Take the sing-along choruses of Anti-Flag, the bzzzzzts and beeps of the Faint and mix it with some Atari Teenage Riot and that’s Intro5pect to a T. The first Intro5pect release, the SOLD OUT self-titled 7-inch, released in 1999 was also GC Records’ first ever release…and we are now, ten years later, proud to join forces with A-F Records to bring you this new installment into the Intro5pect saga!
Ten years ago, this intense band from southern California released it’s first self-titled 7? on Geykido Comet Records. This intense band is Intro5pect, they’ve been making music their own way for 12 years, after collaborating with punk rock vets such as Leftover Crack and Anti-Flag and releasing DIY music, they’re back with the Record Profits EP. And this is just a taste of what you’ll be hearing in Spring 2010 with the release of a full length. Record Profits blasts into your ears with “Work to Live”, a picturesque mix of punk guitars, pounding drums and a synth. This track will make you throw your fist while you’re dancing. Another stand out track in this EP is “Collateral”. This song is so intense, so honest and it includes clips from previous speeches by American presidents. Intro5pect holds nothing back, this song proves it. The EP ends with “Plastic World”. Sara Zaidi is putting up her middle finger, in a lyrical way with the help of guitars, drums and a keyboard. They have been proving themselves for over a decade, they aren’t going to stop and thank the punk rock gods for that.
Emily Hogan, Read At Your Own Risk blog
Musically speaking, Intro5pect was clearly way ahead of the curve. The band formed in the late ’90s to counteract what it saw as the virile spread of commercialization/corporatization in punk. Instead of hammers and sickles, the band wielded a then atypical combination of disparate musical forms. They tossed punk, pop, metal, and electronic music into their blender to yield a mutant strain of aggressive rock. A decade later, Intro5spect continues its revolution. Scores of bands now cherry-pick different styles to construct something musically new and different. Blame it on the wall-shattering and genre-collapsing effect of the Internet: bands attempt to juxtapose hip-hop, pop, and screamo. Thankfully, Intro5pect doesn’t go that far. Record Profits boasts seven songs that feature electronic beats and pop-punk choruses. Their lyrics read like laypeople versions of the Communist Manifesto or Society of the Spectacle (“Fuck Your Flag”). It’s interesting music for those who can stomach a mash of Atari Teenage Riot and NOFX.
Casey Boland, verbicidemagazine.com
Before going any further, it needs to be said that SoCal’s Intro5pect sound exactly like the middle ground between political punkers Anti-Flag and the rapid-fire bpm dynamics of Atari Teenage Riot. If that sounds appealing, read on. Intro5pect’s new EP, Record Profits, features seven songs of melodic punk sing-alongs set to keyboard trickery and one badass drum machine. Revolutionary ditties like “Fuck Your Flag” and “Sound Is The Enemy” could have been taken straight from an Anti-Flag album if it weren’t for the Nintendo-on-the-fritz backbeats. The interchange of male/female vocals really does these songs justice, particularly those led by keyboardist Sara Zaidi’s snotty snarl and melody-drenched lilt. Album closer “Plastic World” is one of the few times we can use the term “dance-punk” without getting that icky feeling afterwards.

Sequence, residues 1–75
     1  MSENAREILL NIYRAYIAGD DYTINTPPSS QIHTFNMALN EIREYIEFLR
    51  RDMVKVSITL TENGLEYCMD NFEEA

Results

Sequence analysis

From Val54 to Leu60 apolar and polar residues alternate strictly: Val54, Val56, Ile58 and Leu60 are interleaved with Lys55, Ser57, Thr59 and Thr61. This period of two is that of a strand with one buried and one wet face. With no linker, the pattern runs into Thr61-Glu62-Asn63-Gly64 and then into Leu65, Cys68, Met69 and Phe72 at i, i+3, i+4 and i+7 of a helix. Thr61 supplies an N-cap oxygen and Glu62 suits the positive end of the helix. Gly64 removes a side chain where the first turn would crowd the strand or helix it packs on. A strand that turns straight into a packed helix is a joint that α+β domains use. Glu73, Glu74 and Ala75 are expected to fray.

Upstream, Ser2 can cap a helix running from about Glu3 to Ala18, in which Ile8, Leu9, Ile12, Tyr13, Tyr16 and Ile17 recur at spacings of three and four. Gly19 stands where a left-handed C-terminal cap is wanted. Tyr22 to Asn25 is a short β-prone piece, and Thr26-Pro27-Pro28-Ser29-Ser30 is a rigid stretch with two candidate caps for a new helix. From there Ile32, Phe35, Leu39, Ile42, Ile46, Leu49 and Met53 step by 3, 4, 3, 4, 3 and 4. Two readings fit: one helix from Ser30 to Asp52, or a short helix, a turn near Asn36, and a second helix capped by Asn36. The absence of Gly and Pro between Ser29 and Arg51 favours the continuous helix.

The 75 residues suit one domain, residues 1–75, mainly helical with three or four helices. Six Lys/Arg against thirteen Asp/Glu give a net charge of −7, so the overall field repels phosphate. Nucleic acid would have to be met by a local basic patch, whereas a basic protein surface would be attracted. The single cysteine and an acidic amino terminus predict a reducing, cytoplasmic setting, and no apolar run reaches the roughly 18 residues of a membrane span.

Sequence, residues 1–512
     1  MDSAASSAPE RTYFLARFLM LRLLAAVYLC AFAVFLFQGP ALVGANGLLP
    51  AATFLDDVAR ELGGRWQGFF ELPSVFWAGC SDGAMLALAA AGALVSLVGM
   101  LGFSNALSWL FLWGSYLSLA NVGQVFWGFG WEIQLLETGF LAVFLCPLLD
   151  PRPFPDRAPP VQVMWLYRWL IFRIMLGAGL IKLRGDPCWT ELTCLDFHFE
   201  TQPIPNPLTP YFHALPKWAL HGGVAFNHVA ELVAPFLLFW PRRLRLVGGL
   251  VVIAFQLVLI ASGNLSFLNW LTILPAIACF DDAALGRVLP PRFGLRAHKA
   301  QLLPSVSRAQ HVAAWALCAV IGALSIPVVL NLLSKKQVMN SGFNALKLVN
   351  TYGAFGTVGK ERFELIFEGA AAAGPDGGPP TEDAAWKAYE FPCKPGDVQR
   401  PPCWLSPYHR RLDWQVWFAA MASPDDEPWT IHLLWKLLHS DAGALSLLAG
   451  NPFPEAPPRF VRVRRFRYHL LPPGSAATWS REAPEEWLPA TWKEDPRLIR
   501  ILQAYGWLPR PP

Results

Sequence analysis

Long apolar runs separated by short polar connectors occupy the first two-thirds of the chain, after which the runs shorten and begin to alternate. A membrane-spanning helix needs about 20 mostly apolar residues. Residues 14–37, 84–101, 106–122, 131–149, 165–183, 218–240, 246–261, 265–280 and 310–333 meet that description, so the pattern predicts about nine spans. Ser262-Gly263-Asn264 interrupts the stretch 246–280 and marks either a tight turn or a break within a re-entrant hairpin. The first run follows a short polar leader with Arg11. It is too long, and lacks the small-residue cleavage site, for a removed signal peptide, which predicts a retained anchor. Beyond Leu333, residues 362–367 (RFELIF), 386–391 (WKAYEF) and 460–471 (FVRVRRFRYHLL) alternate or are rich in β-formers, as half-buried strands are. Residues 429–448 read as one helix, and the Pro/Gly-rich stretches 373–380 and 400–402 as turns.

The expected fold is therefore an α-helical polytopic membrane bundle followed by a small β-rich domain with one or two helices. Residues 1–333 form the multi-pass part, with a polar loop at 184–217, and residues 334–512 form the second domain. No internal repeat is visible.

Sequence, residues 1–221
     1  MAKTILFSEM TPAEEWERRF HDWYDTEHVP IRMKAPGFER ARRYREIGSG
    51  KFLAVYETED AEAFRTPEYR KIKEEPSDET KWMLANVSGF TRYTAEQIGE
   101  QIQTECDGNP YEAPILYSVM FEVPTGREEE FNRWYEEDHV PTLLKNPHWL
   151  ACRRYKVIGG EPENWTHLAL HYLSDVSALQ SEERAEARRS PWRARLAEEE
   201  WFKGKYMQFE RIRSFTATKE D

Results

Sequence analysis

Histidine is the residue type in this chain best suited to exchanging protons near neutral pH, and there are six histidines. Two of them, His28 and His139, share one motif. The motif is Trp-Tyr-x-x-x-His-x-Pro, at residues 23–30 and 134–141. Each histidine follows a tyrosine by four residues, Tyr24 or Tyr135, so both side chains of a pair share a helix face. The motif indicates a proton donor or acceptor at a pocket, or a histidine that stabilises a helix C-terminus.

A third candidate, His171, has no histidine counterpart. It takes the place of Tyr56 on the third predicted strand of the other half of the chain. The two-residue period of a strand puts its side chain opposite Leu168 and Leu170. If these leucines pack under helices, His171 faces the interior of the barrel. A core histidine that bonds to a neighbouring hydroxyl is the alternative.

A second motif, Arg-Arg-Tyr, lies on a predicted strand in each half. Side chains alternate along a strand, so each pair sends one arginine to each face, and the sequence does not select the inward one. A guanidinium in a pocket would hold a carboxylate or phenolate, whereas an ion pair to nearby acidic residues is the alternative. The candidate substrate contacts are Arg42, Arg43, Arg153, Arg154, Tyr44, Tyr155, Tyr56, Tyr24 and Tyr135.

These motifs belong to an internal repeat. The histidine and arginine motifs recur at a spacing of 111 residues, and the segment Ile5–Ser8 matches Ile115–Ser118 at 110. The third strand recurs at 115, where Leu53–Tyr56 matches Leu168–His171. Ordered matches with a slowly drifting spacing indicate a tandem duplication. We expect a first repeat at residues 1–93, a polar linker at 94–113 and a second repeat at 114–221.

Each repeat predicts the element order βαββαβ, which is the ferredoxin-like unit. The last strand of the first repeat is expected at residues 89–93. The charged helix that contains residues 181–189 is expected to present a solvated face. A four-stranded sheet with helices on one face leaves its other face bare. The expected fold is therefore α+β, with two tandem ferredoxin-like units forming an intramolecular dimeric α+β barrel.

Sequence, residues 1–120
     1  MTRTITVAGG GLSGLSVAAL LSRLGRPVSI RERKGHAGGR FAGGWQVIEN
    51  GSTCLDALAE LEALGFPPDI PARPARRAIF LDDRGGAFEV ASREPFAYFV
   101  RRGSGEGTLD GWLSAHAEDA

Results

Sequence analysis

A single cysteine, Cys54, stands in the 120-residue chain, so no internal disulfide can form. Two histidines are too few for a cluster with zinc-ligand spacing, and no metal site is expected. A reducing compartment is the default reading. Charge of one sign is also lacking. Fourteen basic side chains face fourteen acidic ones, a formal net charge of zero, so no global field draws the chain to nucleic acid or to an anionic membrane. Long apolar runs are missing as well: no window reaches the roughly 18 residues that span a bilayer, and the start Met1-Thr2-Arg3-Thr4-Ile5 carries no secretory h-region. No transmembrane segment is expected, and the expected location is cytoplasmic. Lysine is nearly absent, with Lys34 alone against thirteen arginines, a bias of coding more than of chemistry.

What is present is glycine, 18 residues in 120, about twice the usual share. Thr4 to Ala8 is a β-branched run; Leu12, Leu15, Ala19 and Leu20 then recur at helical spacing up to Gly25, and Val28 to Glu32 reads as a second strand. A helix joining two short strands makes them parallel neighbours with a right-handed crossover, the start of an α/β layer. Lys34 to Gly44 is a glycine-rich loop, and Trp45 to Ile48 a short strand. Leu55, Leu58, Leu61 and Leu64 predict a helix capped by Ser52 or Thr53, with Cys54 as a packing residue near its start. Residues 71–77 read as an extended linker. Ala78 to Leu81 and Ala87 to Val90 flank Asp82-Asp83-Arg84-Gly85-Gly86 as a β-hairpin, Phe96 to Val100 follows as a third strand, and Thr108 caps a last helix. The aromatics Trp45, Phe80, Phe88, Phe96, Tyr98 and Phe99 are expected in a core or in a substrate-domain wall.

Jason Schreurs, altpress.com
Back in 1999, the Faint had recently begun their transformation from a Braid-influenced post-punk band to an electronic-leaning dance-punk group, !!! had been tinkering around and releasing singles, and Big Audio Dynamite’s foray into techno-punk was over a decade in the past. But no act had successfully blended the tenacity and politics of punk rock with the programmed beats and synthesizers of electronic RPM until Intro5pect debuted on the fledgling GC Records with their Education 7-inch. After high-profile tours with the likes of Dead to Me, Citizen Fish and Leftover Crack, a full-length on A-F Records and an EP on Blacknoise with Stza Crack, Intro5pect returns to where it all started with Record Profits.The seven-song EP gets going with what is likely to be one of the catchiest non-Orgcore songs of the year, “Work to Live.” The choppy `77 guitars are layered alongside 8-bit synths, blipping and bleeping over a driving digital rhythm. “Fuck Your Flag” smacks of a poppier Anti-Flag with male and female vocals, much like “Sound Is the Enemy,” a riff-heavy choral manifesto propelled forward by a breakneck beat, save for the chunky call-and-response breakdown that takes up the middle. The band really hits their stride by the time “Collateral” comes around, thick with a rolling bassline and flittering percussion and made memorable with a booming chorus and sound bite collage that seems to take aim at every president since the invention of the microphone. “The System” is fairly baldfaced politically, with a chorus of “Fuck the system / Fuck the system / Fuck the system / Tear it down” but blends in some nice synth work, while “Turnaround” is the disc’s most straightforward punk number. Keyboardist Sara Zaidi takes charge of “Plastic World,” both vocally and instrumentally, as the Metroid-styled keys rise to dominance when she’s not singing about feeling constrained by the status quo — er rather, not caring about feeling constrained by the status quo. Intro5pect are in fine form on Record Profits, having finally figured out how to diversify their sound while still creating a patently individual style. The seven songs of Record Profits hurl forth with dizzying ferocity and don’t let up while showcasing the seamless blend of electronic dance music and digital punk that has become Intro5pect’s calling card.